More orderly now, men and women dashed from the inn and began to form a line to pass the buckets filled with water from the nearby well from person to person. **

Evie:
**Grabbing up Sir Washburn's saddlebag along with her own travel gear, Aliset dashed out of the building and around to the stables behind it. Alerting one of the grooms to the danger of the kitchen fire spreading, she left them to water down the stable roof in preparation for the imminent emergency as best they could while she dashed inside to assist with leading the horses to safety.

The horses, with their keen senses of smell, had already sensed the danger, for indeed even the humans around could now easily pick up on the smell of smoke emanating from the burning kitchen next door. As she watched, a tongue of flame rose up from the nearby building. She forced her attention back to the horses, saddling them as quickly as she could, for she didn't know if there would be time to lead them out of the stables first and then return for their gear. This was quickly enough accomplished with her own horse and with Darcy's, both of which were accustomed to her, and she allowed them to be led out of the threatened stables by one of the stable lads while she turned her attention to Washburn's mount.

"Whoa, steady lad!" she whispered as she approached Washburn's horse, who regarded her warily. She could tell the rising excitement around them was beginning to spook the large destrier.  Hopefully his training would help keep his mounting agitation in check, although knowing that she was completely unknown to him, she approached him with alert caution as she continued to murmur soothingly as she reached out a hand towards him in hopes he would allow her to saddle him and lead him out to safety.**

[Bynw, do I need to do a roll here to see how Wash's horse is responding to me under these circumstances?]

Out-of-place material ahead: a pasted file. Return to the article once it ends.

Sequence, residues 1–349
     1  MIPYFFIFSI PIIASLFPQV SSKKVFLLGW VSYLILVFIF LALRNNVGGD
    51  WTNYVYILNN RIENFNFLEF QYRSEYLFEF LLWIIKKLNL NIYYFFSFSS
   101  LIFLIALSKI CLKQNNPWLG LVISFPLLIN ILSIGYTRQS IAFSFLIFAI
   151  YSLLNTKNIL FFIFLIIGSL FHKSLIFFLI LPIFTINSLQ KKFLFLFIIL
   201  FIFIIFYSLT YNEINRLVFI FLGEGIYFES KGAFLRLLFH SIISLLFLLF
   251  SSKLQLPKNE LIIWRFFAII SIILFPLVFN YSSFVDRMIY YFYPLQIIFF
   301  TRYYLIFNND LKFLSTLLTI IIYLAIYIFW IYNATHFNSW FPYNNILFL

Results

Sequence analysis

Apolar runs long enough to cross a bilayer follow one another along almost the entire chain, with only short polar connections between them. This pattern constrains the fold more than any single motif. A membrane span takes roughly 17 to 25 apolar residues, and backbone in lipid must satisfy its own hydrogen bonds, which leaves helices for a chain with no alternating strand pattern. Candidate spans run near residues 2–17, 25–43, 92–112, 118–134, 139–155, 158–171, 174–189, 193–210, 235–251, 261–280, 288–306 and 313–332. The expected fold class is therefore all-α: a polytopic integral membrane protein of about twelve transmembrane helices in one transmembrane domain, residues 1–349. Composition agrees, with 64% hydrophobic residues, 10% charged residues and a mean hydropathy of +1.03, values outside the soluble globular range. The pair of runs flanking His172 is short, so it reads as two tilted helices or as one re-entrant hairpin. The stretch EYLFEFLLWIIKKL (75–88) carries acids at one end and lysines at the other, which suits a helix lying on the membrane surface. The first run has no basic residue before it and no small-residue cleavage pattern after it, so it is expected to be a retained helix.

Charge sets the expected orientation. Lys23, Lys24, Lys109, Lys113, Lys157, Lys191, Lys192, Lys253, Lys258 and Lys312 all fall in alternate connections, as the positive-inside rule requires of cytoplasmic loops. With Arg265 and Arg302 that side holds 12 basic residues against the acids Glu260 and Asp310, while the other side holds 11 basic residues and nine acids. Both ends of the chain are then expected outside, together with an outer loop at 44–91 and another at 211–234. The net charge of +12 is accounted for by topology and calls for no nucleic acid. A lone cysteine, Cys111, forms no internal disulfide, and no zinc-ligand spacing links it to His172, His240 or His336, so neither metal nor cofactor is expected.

Laurna:
((roll 2d6  results 1+6   Verification Number: 4v6wgc0c24))

**Uncle Duncan had taught him the art of focus. Kelric had drilled him in moving objects; pushing a thing away or throwing something further and with better aim than was normal, such as an arrow, a rock, or a javelin. This skill needed now, though similar, was to hold an object high while wakening enough from his mediation to physically pull the man out from underneath the raised beam.**

**One hand encircled the wood’s splintered end. As if the hearth beam was no more than a plank, the nine foot piece raised upward.**

In this partial meditative state, Washburn heard Hurshell groan, “Help me.”

“I got ya now. Take my arm, if you can.”

**The knight grabbed the man's arm above the elbow, even as the cook grabbed his arm.  It was a good hold and Washburn pulled the man out of danger.  The beam fell to the floor with a decisive k’thunck. Wash left Hurshell sitting against the open frame of the door, letting the cook catch what breath he could.  Wash then spied a stack of gunny sacks near at hand. His dagger was quick to slice the top sack open. Smiling with satisfaction, he saw the contents of ground-down-wheat and tossed the powdery stuff over the burning oil on the floor.  He repeated with a second sack of flour, dowsing the flames that were near. It might not help the building as the far wall was aflame, but it gave the two men time for the one to lift up the other, for him to lean hard on the knight’s shoulder, and for the two to find their way through the smoky tavern out into sun-filled daylight and fresh air. **